JPMorgan and Goldman Sachs, global investment banks, have forecast a recession in the euro zone. According to Goldman Sachs economists, “The risks of our forecast are skewed towards a sharper recession if an even more severe disruption in gas flows, a renewed phase of sovereign stressor a U.S recession.”

Goldman Sachs, a global investment bank, and JPMorgan released Wednesday reports, each predicting a recession in the euro zone.

Analysts at Goldman Sachs, headed by Jari Stehn (chief European economist), expect a recession in the euro-area in the second half this year, which will continue until the end. They also predict a contraction in the third quarter and 0.2% for the fourth quarter. However, they expect growth to return in 2023.

“Looking across countries we see that Germany and Italy are in clear recession in half two, while Spain, France, and France continue their growth,” Goldman Sachs economists explained.

Our forecast is skewed towards a more severe recession in the event that gas flows are disrupted even further, renewed periods of sovereign stress, or a U.S recession.

Economists have highlighted several reasons for the downturn. These include a looming gas crises and Italy’s political problems that could delay the disbursement European Union aid.

JPMorgan’s Predictions
JPMorgan warned Wednesday that the eurozone would be in mild recession by next year. JPMorgan’s economists have reduced their economic forecasts. They now predict a 0.5% GDP growth in eurozone this quarter and a contraction by 0.5% in the first quarter next year.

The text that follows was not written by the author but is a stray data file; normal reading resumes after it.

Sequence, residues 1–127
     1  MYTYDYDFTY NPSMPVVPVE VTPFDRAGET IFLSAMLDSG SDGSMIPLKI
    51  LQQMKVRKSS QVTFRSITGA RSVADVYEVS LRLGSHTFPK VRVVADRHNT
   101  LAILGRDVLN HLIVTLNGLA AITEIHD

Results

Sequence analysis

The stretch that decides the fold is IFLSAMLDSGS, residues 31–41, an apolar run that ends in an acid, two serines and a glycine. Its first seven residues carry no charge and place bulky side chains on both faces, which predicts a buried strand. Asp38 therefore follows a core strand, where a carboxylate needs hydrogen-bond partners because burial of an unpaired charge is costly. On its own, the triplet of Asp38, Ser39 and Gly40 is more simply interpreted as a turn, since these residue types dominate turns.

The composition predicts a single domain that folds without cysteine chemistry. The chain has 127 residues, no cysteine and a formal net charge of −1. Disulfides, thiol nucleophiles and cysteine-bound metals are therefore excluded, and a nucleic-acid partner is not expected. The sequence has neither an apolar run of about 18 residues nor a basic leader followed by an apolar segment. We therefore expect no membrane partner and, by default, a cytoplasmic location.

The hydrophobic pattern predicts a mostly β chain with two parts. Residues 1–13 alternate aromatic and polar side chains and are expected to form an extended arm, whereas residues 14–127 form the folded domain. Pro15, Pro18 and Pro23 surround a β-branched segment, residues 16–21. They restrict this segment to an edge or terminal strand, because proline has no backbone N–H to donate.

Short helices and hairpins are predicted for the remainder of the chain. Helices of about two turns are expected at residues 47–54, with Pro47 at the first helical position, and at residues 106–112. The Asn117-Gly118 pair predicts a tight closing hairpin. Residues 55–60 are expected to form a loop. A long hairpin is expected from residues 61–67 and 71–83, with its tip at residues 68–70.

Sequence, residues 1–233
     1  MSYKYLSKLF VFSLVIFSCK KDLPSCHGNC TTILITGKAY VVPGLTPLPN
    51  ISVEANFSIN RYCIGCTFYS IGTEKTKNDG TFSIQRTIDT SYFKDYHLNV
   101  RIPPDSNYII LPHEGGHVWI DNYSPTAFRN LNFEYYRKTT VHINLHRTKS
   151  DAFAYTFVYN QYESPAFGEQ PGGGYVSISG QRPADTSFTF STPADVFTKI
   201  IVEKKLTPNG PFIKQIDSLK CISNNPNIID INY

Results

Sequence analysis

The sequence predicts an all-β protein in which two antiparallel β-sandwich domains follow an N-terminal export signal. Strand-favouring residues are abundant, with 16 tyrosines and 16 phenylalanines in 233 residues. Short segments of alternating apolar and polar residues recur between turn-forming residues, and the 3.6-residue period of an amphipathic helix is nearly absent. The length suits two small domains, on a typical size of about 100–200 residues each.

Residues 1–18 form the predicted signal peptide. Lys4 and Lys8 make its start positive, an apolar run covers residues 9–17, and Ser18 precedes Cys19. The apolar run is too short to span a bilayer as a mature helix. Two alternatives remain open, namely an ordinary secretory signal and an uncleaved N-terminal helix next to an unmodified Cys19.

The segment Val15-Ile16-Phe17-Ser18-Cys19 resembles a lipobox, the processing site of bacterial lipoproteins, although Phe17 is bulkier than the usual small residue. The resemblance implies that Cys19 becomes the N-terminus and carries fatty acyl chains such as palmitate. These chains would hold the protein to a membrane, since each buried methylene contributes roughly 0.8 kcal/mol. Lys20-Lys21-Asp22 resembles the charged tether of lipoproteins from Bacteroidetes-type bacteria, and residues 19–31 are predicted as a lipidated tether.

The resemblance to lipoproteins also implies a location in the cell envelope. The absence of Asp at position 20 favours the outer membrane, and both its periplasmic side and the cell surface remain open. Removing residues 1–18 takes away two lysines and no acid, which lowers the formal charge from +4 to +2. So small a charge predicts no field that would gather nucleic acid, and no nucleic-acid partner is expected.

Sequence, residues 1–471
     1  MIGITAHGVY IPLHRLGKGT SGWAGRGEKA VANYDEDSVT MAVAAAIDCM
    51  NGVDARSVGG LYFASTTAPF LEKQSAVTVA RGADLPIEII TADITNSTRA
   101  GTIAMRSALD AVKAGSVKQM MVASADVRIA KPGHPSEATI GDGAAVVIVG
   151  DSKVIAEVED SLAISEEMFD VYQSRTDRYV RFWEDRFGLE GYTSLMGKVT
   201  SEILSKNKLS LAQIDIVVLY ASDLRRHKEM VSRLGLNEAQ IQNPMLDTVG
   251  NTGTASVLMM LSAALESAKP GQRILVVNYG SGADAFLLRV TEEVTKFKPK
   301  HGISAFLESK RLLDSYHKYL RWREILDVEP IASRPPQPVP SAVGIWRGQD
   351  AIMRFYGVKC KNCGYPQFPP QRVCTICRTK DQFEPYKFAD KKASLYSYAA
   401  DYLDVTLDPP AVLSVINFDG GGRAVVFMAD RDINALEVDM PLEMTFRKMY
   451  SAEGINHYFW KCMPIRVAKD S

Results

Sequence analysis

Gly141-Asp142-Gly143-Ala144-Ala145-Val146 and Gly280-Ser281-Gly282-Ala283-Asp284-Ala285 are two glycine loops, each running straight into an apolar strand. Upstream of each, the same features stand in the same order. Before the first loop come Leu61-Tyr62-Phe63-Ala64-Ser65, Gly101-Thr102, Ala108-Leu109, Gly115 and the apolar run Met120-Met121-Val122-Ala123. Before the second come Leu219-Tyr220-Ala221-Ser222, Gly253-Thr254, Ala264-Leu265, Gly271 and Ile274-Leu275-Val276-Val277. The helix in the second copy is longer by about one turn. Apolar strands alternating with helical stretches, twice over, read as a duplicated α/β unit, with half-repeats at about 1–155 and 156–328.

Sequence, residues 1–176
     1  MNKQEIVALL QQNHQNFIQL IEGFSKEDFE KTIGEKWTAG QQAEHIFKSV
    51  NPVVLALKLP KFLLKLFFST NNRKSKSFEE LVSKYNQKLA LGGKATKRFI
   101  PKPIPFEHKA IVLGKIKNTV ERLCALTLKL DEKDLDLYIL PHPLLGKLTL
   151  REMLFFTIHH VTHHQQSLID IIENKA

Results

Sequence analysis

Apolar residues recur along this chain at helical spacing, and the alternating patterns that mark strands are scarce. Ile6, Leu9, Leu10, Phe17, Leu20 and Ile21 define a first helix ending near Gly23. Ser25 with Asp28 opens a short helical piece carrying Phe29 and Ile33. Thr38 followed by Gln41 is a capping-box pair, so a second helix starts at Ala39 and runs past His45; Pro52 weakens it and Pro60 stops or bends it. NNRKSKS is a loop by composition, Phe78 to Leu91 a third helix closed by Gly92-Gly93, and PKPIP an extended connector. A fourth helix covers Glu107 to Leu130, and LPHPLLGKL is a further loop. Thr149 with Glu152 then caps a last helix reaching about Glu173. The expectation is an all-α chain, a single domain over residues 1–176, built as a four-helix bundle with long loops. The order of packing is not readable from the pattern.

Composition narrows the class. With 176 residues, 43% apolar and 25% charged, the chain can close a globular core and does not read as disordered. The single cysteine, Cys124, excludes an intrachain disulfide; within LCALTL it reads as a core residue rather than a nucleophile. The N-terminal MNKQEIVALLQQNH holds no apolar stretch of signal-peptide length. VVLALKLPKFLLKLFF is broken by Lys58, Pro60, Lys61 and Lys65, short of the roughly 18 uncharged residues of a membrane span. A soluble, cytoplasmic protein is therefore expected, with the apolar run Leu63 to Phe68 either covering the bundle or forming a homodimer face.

Analysts at JPMorgan added:

We anticipate that the ECB [European Central Bank] will offer another 50 basis point of hikes before year-end.

Analysts at the bank have reduced their previous forecast of 75 base points by reducing it in three installments. They now expect 25 basis points in September and October.

Two global investment banks have released their recession forecasts following a Tuesday warning by the International Monetary Fund that neither Europe nor the U.S. will see much growth next year if Russia cuts off Europe’s oil supply and further reduces its oil exports.

In the meantime, the U.S. economy contracted for the second consecutive quarter from April through June. The Bureau of Economic Analysis announced Thursday that the country’s GDP declined 0.9% annually over the same period. But, President Joe Biden repeatedly denied that there were any recession fears. Additionally, Treasury Secretary Janet Yellen statedThursday, that the U.S. is in a transitional state, not in recession.



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Angie Byrd